South American correspondent Tom Webber brings you all the action from the Copa America.
The Monumental in Buenos Aires was shrouded in Argentinian winter sun as the final of the 2011 Copa America got underway. The bowl of a stadium, half filled with Uruguayan blue, half with Paraguayan red, eagerly anticipated the game. Their was plenty of history to be made, adding to the majesty of the occasion.
Paraguay could become the first team to win an international tournament without winning a single game outright, whilst Uruguay could become the most successful nation ever in South American football. Uruguay were the favourites due to the somewhat negative tactics of Paraguay throughout the tournament. They have slogged out games and hoped for qualification, rather than actively pursuing glory. This looked to be the case again as Uruguay had the better start in what was a frenetic opening twenty minutes.
It did not take long for the first chance to come about. In the second minute Uruguay won a corner after some good work by Luis Suarez. The ball was headed on target by Lugano but Justo Villar reacted instinctively to make the save. However, he was only able to push the ball back into the goalmouth and Alvaro Gonzalez headed the ball straight back at goal. Nestor Ortigoza managed to get in the way of the attempt but stopped the ball illegally with the use of a hand. The ball was cleared and the referee did not give the decision. Paraguay were lucky to be level and still have 11 men on the pitch.
Uruguay’s dominance continued as they maintained a high degree of pressure. They were rewarded in the 12th minute when a hopeful ball was played forward and was deflected towards Suarez. He made the most of the fortunate pass, cutting inside Dario Veron before striking the ball goalwards. He aimed for the near post but a deflection off of Veron altered its direction, putting it in at the far post. Following Jose Guerrero’s hat-trick for Peru in the third place playoff, Suarez would need another goal to match the Peruvian with 5 for the tournament.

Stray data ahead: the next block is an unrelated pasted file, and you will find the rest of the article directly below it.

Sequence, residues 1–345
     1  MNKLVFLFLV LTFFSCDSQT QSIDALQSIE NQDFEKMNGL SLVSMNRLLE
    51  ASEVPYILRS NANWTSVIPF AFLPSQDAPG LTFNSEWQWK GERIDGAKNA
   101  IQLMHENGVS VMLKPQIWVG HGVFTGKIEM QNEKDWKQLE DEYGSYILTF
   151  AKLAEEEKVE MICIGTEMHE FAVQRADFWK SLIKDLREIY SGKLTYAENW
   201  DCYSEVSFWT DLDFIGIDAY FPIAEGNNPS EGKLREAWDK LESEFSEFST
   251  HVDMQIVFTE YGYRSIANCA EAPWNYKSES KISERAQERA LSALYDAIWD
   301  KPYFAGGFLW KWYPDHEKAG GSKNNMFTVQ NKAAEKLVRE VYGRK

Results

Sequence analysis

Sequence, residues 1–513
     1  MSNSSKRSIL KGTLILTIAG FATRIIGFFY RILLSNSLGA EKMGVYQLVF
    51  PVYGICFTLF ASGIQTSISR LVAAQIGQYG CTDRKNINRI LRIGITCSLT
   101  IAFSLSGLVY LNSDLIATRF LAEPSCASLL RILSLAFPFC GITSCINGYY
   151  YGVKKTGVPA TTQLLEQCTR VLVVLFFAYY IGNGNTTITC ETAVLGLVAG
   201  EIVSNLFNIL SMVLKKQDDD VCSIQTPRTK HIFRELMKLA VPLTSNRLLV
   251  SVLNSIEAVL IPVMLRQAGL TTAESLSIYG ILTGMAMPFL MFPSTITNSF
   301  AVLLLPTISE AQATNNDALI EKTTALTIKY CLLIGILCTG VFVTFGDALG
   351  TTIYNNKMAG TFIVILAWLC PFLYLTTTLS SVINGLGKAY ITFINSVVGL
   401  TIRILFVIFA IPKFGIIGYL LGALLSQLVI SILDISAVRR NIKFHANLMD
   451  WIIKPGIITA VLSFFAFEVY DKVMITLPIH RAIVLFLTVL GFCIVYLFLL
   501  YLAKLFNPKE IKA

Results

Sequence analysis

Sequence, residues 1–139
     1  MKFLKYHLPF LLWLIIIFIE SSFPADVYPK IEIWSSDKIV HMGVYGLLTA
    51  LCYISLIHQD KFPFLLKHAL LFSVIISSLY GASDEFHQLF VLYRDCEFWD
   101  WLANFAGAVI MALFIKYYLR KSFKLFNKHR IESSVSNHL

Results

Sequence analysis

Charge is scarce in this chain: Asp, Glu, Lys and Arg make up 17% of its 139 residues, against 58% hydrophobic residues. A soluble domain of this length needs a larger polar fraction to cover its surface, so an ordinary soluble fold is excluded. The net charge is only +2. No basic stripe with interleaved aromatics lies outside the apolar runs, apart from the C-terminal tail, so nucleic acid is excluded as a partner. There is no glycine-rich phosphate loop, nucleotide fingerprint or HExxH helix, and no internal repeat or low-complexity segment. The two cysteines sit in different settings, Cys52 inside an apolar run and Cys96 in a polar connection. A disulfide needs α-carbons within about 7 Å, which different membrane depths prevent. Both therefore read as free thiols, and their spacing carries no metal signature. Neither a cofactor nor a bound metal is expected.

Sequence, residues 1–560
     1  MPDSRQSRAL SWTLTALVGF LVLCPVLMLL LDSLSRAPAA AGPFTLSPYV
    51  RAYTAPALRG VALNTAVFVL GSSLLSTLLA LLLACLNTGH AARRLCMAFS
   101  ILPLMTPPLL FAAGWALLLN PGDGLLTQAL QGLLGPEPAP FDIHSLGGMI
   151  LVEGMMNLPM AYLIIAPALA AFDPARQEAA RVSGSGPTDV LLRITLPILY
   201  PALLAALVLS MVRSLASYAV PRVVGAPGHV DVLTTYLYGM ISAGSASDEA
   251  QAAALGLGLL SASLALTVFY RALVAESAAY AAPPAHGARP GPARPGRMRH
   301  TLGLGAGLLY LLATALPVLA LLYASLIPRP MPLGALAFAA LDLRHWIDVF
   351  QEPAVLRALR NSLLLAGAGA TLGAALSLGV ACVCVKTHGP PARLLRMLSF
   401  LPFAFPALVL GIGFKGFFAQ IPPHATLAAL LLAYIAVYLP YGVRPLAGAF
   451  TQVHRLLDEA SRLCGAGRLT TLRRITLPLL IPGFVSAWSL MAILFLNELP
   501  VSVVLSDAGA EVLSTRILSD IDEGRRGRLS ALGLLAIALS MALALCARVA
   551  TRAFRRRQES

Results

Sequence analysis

As the game continued, Paraguay seemed to be lacking cohesion due to the vast number of changes, not only before the final but throughout the tournament. Their play lacked width and consistency, leading to a congested and scrappy midfield. The decision not to start Marcelo Estigarribia, probably their best player throughout the tournament, was an odd one. One could not help but think he would provide their attack with a much needed extra dimension.
Suarez was full of energy and determination and was proving difficult for the opposition to handle. He and Diego Forlan were linking up well, creating chances for themselves and others. After being thwarted by the Villar earlier in the half, Forlan came out on top just before the break.
Ortigoza was caught on the ball by Egidio Arevalo after uncharacteristically dithering with the ball. The midfield terrier nicked the ball off his Paraguayan counter part only 30 yards from goal. He then played a perfectly weighted ball into Forlan who executed a terrific shot with exquisite technique to give his country a 2-0 lead. Forlan struck right through the back of the ball, directing it across the goal and leaving Villar rooted to the spot. His clean, crisp strike provided his first international goal in 13 matches as well as a truly deserved lead to take in to the second half.